The more you share with the employees, the more you post it around your office or you communicate it and have it on whatever you’re doing, the better off you are.

You communicate those and you just start living them. You just have to act in your beliefs.

We were debating whether we should require our technicians to have a certain tool. We sat there and we looked at our core values. Does this it make us professional? Yeah. It shows we have integrity in the way we’re going to check and do service in our customers homes so we’re not just guessing. It increased safety. It made us a leader in the industry. It could make us more responsive.

So we take a look at each of the core values and say, ‘How does it match up? Does it help us?’ And that’s how we made a decision.

Squelch rumors that contradict your values. It took a long time with department meetings before they went from just being a gripe session to being productive, and people realized that management wasn’t the enemy. [It takes] constant communication.

You have to say, ‘Now, here’s the truth. Here’s what we’re doing.’ And then you have to make sure to set the example and ensure because some are still skeptical: ‘Yeah, they say they’re going to do this. They’re not going to do it.’ You have to make sure that the pendulum swings way over so everybody understands what you’re doing and that it’s going to happen.

We’ve divided our whole company into four teams without any managers. Every Wednesday, a different team meets with one person in charge of training. They just have an open discussion. Sometimes maybe somebody heard something and rumors get started. It’s a great way to squelch any rumors and get right down to the truth.

Get rid of skeptics. There’s a part in the movie, Patton, where the troops are all backed up and aircraft are coming down striking them with bullets. Patton’s in the back of his jeep and he says, ‘What’s the problem here?’ He drives up to the front, and there’s a gypsy with a mule blocking the bridge. They’re trying to coax the mule out of the way and all of a sudden he just pulls his pistols out, shoots the mule, and they push it over the bridge. All of a sudden, everything’s moving.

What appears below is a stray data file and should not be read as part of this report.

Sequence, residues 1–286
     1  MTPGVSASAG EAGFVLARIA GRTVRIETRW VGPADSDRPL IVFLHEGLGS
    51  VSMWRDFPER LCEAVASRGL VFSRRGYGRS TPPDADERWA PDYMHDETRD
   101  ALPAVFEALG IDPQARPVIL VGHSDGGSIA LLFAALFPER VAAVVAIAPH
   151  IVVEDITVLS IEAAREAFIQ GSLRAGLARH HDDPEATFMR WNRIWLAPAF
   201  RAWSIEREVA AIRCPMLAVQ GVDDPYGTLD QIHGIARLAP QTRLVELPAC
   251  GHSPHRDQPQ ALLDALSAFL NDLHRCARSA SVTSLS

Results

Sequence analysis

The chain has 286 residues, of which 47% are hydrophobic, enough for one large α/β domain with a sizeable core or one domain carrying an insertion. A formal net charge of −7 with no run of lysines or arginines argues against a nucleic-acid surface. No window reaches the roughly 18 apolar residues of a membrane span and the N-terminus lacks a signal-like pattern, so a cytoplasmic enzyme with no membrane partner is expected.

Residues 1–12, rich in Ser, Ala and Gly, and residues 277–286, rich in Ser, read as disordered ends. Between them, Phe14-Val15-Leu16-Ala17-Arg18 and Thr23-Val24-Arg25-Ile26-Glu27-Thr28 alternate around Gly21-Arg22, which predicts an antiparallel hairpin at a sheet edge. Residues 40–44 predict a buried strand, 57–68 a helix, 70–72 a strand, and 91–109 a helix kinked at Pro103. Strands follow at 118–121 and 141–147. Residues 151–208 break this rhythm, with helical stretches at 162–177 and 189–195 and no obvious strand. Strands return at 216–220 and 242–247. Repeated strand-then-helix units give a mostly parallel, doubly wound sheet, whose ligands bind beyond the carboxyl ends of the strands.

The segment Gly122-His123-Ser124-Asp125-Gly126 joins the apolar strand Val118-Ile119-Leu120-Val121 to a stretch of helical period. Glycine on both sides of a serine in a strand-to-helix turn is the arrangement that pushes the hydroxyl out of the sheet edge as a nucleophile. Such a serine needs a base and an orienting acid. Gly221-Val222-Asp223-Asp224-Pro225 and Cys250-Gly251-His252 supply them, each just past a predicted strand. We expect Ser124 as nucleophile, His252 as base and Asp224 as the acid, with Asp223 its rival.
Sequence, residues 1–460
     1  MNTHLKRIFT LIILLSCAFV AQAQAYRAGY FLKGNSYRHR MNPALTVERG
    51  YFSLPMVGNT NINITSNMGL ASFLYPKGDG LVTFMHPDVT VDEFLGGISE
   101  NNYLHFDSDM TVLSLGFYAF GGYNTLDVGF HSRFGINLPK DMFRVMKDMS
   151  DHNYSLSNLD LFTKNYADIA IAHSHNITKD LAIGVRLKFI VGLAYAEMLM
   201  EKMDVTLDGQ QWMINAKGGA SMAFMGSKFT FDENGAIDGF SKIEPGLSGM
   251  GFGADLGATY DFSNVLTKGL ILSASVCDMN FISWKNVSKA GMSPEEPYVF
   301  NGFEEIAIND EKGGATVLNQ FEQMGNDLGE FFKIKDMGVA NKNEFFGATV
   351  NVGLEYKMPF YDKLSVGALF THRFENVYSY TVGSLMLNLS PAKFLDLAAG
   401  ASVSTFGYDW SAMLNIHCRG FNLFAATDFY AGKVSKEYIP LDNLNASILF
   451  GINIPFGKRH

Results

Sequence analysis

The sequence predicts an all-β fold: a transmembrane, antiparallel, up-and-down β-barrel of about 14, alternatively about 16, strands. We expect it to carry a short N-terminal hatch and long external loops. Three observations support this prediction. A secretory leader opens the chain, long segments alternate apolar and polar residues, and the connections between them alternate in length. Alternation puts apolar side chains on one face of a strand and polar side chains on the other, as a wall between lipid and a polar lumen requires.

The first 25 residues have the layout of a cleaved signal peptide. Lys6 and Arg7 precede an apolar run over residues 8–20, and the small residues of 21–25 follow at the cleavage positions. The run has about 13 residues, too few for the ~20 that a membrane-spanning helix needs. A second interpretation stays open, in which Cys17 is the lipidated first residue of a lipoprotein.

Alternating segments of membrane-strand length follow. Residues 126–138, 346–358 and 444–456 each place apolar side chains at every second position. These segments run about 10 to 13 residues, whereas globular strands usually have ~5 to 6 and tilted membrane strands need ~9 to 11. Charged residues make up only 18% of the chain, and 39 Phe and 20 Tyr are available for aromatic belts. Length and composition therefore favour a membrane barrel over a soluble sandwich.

Sometimes you get that one person that doesn’t want to change and it causes you more problems. You need to shoot the mule. It also sets an example, too. The people say, ‘This really is going to happen. They really are serious about it.’

After a while, other people come and tell you, ‘So-and-so’s really not pulling their weight.’ They’re fine in the meeting, and then you hear later they’re out in the parking lot griping about everybody.

We had to shoot a couple mules. They just didn’t want to go with the flow. Finally I just walked in one day and I said, ‘You’re not part of the team. It’s time we parted ways.’

The problem is, you’ll never know [if they’d eventually buy in]. You can’t second-guess your judgments all the time.

The sooner you do it, the better. Everybody else knows who they are, and every day you wait, they lose more respect for you for not doing it.

How to reach: FLAME Heating, Cooling & Electrical, (888) 234-2340 or www.flamefurnace.com

Wednesday, 26 August 2009 20:00

Mark Sneider uses best practices at RSW/US

Mark Sneider has been watching competitors expand in an attempt to combat the down economy. They’re offering discounts and looking beyond their core markets for business.

But Sneider knows he doesn’t have to do anything new to succeed. Instead, he zooms in on best practices his employees have been using all along.

“It’s all about staying true to approaches that have been effective and adopting new approaches that we know have been effective for others,” says the founder, owner and president of RSW/US and its sister company, Lead Architects. “It’s staying true to your core. The last thing you want to do is look scattered, not focused and not value-added.”

Sneider encourages employees — nearly 20 between the two lead generation and business development consultancies — to share their best practices to add value to the company. That approach has led RSW/US to double-digit growth since its 2005 inception.

Smart Business spoke to Sneider about instilling a value-added mindset in your employees and encouraging them to learn from each other.

Establish a value-added mindset. When new employees start, I tell them there’s one thing that they need to remember, and that one thing is adding value. Tell your people to constantly add value to your existing client base. Add value when we reach out to prospects, and then the last value-added dimension manifests itself internally — let’s think about ways we can add value to our own organization by finding new ways to improve processes.

Adding value is a hard thing to do because it’s easy just to take the staid and set course of action. The hard thing to do is to take the step back and think about what extra step can I take to improve this situation.

It’s really just showcasing the variety of ways beyond the expected that you can bring value. I tell prospects that we don’t like to think of ourselves as just a lead generation firm. By positioning ourselves that way and talking about all the other things that we can do, that’s how we set ourselves apart.